N. R. Glass, R. Tjeung, P. Chan, L. Y. Yeo and J. R. Friend, "Organosilane deposition for microfluidic applications," Biomicrofluidics, vol. 5, no. 036501, 2011.
 Y. Bellouard, A. Said, M. Dugan and P. Bado, "Fabrication of high-aspect ratio, micro-fluidic channels and tunnels using femtosecond laser pulses and chemical etching," Opt. Express , vol. 12, pp. 2120-2129, 2004.
 K. Kalkandjiev, A. Yusof, J. Schondube, R. Zengerle and P. Koltay, "Wafer-Level Fabrication of Microfluidic Sensors for Impedance Spectroscopy with Integrated Opposing Electrodes," 2011. [Online]. Available: http://www.imtek.de/data/lehrstuehle/app/dokumente/conferences-pdf/conferences-2011/kalkandjiev-wafer-level-fabrication.pdf.
 K. Kalkandjiev, L. Riegger, D. Kosse, M. Welsche, L. Gutzweiler, R. Zengerle and P. Koltay, "Microfluidics in silicon/polymer technology as a cost-efficient alternative to silicon/glass," J. Micromech. Microeng., vol. 21, p. 025008, 2011.
 S. Halldorsson, E. Lucumi, R. Gomez-Sjoberg and R. M. Fleming, "Advantages and challenges of microfluidic cell culture in polydimethylsiloxane devices," Biosensors and Bioelectronics 63 (2015) 218–231, vol. 63, pp. 218-231, 2015.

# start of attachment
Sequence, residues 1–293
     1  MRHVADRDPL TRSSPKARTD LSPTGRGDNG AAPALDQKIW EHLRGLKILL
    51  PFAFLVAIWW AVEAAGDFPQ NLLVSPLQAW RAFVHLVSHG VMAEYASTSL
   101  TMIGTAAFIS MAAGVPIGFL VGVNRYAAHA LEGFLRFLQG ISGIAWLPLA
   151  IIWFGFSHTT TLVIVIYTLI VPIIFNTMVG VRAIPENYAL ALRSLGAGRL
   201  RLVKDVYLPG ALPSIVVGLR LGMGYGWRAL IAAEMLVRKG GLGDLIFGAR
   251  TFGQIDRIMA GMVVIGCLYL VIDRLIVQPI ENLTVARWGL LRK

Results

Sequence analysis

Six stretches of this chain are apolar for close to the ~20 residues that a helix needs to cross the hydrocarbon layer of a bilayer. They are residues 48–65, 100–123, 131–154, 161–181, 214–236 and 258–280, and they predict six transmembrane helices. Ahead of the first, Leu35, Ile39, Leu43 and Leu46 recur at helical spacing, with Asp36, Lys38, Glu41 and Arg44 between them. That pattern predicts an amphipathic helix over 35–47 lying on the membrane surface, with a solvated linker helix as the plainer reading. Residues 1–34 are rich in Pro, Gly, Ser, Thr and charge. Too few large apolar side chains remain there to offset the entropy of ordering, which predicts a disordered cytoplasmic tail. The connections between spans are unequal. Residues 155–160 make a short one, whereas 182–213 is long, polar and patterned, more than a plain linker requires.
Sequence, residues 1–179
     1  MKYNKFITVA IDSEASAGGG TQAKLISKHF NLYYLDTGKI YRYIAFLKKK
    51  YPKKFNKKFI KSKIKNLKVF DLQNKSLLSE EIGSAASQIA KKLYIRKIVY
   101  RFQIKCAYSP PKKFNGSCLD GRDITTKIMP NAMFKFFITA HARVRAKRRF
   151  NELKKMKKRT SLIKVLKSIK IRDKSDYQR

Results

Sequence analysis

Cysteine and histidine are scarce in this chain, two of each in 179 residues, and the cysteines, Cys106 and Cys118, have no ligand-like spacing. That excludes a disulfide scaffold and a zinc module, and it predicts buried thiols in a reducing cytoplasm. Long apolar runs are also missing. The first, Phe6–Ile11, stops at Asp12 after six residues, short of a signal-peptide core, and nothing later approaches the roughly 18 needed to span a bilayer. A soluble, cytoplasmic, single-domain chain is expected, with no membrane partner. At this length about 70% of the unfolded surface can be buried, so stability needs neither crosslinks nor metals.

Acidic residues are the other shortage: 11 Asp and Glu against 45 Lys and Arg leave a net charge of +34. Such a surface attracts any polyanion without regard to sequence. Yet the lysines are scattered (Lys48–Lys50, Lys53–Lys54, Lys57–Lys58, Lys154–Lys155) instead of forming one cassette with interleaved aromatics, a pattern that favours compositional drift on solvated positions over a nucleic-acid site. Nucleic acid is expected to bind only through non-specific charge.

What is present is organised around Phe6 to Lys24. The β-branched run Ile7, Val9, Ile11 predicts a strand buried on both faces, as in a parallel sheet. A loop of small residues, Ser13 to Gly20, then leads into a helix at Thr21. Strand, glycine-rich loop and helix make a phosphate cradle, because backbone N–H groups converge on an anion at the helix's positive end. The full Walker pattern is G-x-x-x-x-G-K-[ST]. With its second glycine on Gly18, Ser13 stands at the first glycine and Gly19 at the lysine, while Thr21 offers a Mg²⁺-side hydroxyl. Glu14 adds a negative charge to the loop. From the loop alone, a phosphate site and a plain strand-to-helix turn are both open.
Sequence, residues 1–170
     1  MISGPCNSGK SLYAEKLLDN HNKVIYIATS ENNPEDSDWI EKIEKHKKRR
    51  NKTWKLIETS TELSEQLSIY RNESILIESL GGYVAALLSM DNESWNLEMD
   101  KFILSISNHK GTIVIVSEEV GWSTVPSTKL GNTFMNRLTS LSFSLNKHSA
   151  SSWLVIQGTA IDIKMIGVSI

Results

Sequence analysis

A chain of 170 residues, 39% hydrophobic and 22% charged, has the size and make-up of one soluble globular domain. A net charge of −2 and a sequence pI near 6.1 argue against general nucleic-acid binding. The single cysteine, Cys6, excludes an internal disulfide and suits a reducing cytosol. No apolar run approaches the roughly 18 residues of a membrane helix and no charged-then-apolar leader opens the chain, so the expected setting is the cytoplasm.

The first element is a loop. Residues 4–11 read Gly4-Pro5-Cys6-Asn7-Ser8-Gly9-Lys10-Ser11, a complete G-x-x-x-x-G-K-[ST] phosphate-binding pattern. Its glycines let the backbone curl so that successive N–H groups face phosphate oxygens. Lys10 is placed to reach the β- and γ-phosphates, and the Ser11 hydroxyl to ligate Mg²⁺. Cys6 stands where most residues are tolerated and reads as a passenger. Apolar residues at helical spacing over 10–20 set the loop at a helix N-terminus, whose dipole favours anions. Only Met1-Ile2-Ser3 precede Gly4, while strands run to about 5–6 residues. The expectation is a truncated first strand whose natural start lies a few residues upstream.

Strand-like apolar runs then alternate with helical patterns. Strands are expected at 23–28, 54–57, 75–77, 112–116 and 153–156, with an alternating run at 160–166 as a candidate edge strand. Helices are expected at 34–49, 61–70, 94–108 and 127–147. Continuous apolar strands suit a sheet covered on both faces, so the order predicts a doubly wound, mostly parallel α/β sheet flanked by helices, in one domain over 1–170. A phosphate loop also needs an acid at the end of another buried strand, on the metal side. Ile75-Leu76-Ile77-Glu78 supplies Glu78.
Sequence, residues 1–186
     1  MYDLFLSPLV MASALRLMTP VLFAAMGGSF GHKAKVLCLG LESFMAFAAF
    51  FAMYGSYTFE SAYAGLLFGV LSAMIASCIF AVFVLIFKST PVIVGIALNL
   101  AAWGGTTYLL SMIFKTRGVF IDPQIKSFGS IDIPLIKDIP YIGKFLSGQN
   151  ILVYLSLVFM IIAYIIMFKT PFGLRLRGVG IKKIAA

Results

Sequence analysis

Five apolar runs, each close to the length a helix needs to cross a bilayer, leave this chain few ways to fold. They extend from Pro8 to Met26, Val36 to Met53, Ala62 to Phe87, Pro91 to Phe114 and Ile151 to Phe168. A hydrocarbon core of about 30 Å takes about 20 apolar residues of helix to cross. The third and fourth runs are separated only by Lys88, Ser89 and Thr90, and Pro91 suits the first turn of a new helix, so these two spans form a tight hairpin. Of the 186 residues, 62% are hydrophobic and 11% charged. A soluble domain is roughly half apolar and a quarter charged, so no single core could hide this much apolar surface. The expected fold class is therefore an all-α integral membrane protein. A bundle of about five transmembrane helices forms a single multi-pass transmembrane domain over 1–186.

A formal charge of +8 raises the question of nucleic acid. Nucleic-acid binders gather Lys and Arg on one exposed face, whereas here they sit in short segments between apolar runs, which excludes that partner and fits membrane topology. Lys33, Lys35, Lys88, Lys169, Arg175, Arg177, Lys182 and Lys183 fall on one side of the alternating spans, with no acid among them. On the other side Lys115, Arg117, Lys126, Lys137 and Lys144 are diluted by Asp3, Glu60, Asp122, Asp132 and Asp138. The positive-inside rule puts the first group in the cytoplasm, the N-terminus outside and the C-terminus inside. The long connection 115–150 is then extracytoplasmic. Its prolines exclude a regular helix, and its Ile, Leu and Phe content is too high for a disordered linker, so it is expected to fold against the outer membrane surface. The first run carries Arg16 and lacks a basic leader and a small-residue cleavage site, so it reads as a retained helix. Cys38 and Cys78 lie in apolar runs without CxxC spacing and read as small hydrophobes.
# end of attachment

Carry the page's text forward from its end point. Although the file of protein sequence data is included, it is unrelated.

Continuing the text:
P. Vulto, N. Glade, L. Altomare, J. Bablet, L. Tin, G. Medoro, I. Chartier, N. Manaresi, M. Tartagni and R. Guerrieri, "Microfluidic channel fabrication in dry film resist for production and prototyping of hybrid chips," Lab Chip, vol. 5, no. 2, pp. 158-62, 2005.
 L. Jonusauskas, T. Tickunas, A. Narmontas, G. Nemickas, V. Purlys, G. Grigaleviciute and R. Gadonas, "Femtosecond laser-assisted etching: making arbitrary shaped 3D glass micro-structures," Proc. SPIE 10520, Laser-based Micro- and Nanoprocessing XII, vol. 105201G, no. doi: 10.1117/12.228690, p. https://doi.org/10.1117/12.2286906, 2018.
 M. Hermans, J. Gottmann and F. Riedel, "Selective, Laser-Induced Etching of Fused Silica at High Scan-Speeds Using KOH," JLMN, vol. 9, no. 2, pp. 126 - 131., 2014.
 M. Yonemura, S. Kato, K. Hasegawa and H. Takahashi, "Formation of Through Holes in Glass Substrates by Laser-Assisted Etching," JMLN, vol. 11, no. 2, pp. 143-146, 2016.
 D. Wu, S.-Z. Wu, J. Xu, L.-G. Niu, K. Midorikawa and K. Sugioka, "Hybrid femtosecond laser microfabrication to achieve true 3D glass/polymer composite biochips with multiscale features and high performance: the concept of ship-in-a-bottle biochip," Laser Photonics Rev., vol. 8, no. 3, pp. 458 - 467, 2014.
 FEMTOprint, "3D micro-fluidic channels," 2015. [Online]. Available: https://docs.wixstatic.com/ugd/fa0c43_8a466e7497424beab5fe25cfbde96315.pdf.
 LightFab, "SLE: Selective Laser-induced Etching (also known as ISLE: In-volume SLE)," 2018. [Online]. Available: https://www.lightfab.de/index.php/SLE-Technology.htm.
 LPKF, "LIDE - Laser Induced Deep Etching," [Online]. Available: http://www.lpkf.com/applications/lide-technology/index.htm.